|A mom warthog and possible aunt showed up last night, shortly before dark, with the tiniest baby warthog we’ve seen since our arrival.|
“Sighting of the Day in the Bush”
|Any comments on this bird’s species? I can’t seem to find the answer online.|
It’s a good thing we aren’t here for only a one or two week holiday. The noise, dust, and disturbances resulting from the construction next door would have ruined an entire time away for most tourists.
Four years ago, the homes we rented were well secluded from other properties, and although sound travels through the bush, we rarely heard a thing. Now in this area, there are a few houses we can see from the veranda, which in essence wouldn’t bother us a bit.
|We didn’t recall seeing a warthog this tiny since this post in Kenya in 2013 when a mom placed her babies in a hole to protect them from lions in place for the kill.|
The benefits of a lot of wildlife stopping by to see us certainly outweighs the annoyances of the daily noise and commotion, which should be over with a few weeks. But now, it appears the neighbor or the other side of us just had a pile of materials delivered, and soon, they’ll startup also.
With all the workers around all day, less wildlife stops by. But the workday usually ends by 3:00 or 4:00 pm, and once again, magic happens, and visitors grace us with their presence within an hour or two.
|It was surprising to us to see how adept the baby was at eating pellets. It may have been less than a few weeks old.|
Last night was no exception. Now that we’ve adopted “happy hour” into our lives several evenings a week, where I have a maximum of two wine spritzers (no sugar added), and Tom has a few beers while dining outdoors every night, this routine has become quite enjoyable.
We close our laptops and put away our phones; no media, no distractions, just the pure pleasure of watching nature unfold before our eyes while engaging in the playful idle chatter that has become so “us” over the years.
|The baby would wander off a bit from time to time, but a single grunt from mom and he came running back to her.|
With the activity before us, we’re constantly busy. Now that we’ve got birdseed, apples, and a veggie scrap container, we’re often rushing outdoors to indoors to cut up another apple or carrot and refill the red plastic cup with birdseed or the yellow plastic container with pellets.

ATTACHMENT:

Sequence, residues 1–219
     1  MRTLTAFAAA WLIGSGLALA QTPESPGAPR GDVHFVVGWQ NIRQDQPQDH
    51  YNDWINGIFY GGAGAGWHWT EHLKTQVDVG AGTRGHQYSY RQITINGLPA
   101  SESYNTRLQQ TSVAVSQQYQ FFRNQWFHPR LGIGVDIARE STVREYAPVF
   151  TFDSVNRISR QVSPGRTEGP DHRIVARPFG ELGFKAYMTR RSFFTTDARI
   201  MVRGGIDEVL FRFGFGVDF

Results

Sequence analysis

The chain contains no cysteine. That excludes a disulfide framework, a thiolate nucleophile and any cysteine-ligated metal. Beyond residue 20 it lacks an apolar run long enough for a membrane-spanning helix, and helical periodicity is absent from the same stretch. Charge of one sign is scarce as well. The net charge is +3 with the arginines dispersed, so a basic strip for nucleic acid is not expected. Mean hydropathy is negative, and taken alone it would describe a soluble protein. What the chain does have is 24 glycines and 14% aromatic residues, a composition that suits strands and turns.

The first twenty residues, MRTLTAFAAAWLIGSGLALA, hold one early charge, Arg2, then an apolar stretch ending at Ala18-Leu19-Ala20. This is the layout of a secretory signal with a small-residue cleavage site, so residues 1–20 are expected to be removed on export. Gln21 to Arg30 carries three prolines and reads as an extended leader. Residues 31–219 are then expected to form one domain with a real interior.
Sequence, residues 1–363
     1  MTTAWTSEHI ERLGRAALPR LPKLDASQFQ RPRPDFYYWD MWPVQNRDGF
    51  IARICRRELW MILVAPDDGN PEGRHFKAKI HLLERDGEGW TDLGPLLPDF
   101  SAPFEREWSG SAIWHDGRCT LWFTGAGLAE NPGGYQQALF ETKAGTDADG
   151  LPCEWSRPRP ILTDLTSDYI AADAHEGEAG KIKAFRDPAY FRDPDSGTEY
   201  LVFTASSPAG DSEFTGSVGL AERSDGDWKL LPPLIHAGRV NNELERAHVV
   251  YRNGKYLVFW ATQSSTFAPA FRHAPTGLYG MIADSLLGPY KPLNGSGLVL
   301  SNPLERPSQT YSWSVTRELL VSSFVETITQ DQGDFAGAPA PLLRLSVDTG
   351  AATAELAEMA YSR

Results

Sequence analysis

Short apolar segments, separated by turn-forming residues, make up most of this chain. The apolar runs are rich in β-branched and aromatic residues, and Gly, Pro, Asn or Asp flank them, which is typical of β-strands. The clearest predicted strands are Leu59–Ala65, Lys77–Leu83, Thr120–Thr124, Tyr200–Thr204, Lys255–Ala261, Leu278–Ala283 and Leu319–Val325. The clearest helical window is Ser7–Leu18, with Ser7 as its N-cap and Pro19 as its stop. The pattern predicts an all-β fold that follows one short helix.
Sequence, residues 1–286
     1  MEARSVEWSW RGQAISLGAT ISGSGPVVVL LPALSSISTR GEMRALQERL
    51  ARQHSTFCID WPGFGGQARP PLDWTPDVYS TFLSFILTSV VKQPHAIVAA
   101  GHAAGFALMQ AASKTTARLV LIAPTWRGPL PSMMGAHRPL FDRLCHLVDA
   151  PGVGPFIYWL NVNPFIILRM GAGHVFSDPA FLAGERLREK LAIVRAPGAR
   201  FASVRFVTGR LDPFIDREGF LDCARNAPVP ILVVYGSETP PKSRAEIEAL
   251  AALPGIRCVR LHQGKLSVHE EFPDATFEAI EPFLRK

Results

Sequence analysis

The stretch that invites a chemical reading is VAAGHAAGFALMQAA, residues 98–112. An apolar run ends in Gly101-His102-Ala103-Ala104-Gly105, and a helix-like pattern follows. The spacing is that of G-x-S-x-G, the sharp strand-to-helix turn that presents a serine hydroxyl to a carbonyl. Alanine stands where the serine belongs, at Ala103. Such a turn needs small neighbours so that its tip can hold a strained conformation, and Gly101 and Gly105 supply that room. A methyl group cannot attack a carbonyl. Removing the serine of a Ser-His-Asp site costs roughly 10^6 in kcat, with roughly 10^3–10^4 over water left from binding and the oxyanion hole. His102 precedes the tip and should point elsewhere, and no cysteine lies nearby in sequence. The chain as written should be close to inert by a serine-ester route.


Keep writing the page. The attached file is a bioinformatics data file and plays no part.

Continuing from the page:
We keep the birdseed in the chest freezer, which has proven to be quite a handy addition to our daily lives. We keep the birdseed in the freezer to avoid getting more insects inside the house. The fruit and veggies are kept refrigerated to ensure freshness and safety for the animals and to keep the ants away.
|The kudus weren’t standing together, so we couldn’t get a photo of all 11.|
Last night was a classic example of the perfect evening. Not only did we see the tiniest baby warthog we’ve ever seen, but we had the rousing interaction between guinea fowls and francolins reacting to one another while clamoring for the seeds we tossed onto the ground. It was a laugh-fest for us and seemingly fun for them.
Then came a “forkl” of kudu (yep, that’s their collective noun) for a total of 11 females, including a few youngsters. We’d seen this forkl in the past, and they seemed happy to see us, nibbling on cut-up apples and carrots fed from my hand, and handfuls of pellets tossed to the ground.
There’s one particular female kudu who’s come to know me, and she gently nudges my hand for more, looking directly into my eyes. Often, people underestimate the power of communication between wildlife and humans. Sure, some are dangerous, and one must steer clear.
|It was almost dark, but this kudu approached me for a handout.|
For example, I’d never feed a male kudu from my hand. His huge antlers could inadvertently cause great harm. We always keep a safe distance. Also, we don’t hand-feed warthogs. Their razor-sharp tusks are deadly, and they aren’t particularly gentle like female kudu and bushbucks.
Not long ago, we posted a video of a warthog tossing a mongoose into the air, which can be seen here if you missed it. This split-second action appears about halfway through the short video.
We’re learning so much. Our hearts are filled with respect and admiration for the gifts Mother Nature, God, or whichever belief you may possess (or not) bestowed upon us lucky humanoids. It’s undoubtedly our responsibility to honor and revere all species on this earth, both human and animal.
|Most of the time, mom and baby stayed close to one another.|
As much as we have definitive opinions on conservation, we won’t get into the “politics” of this sensitive subject. Unquestionably, most of our readers can readily imagine where we stand on this topic based on our passion for wildlife.
But, here, we choose to avoid highly charged politically motivated topics. At the same time, we maintain the integrity of living life on the move, primarily referring to our motto as shown on our homepage, which reads: “Wafting Through Our Worldwide Travels with Ease, Joy and Simplicity.”
|“Mom, I need a drink after all those dry pellets.”|
As a result, we choose to ignore the noise and commotion of the construction the best way we can during this off-season in Marloth Park when homeowners have work done on their holiday rentals. We’ll strive to maintain the positivity we find adds so much quality to our lives.
May your day consist of ease, joy, and simplicity.
Photo from one year ago today, March 27, 2017:
|Bob, our kindly landlord, and a new friend had insisted on driving us to see some of the sights in the area, including the beautiful historic St. Patrick’s Estate. For more photos, please click here.|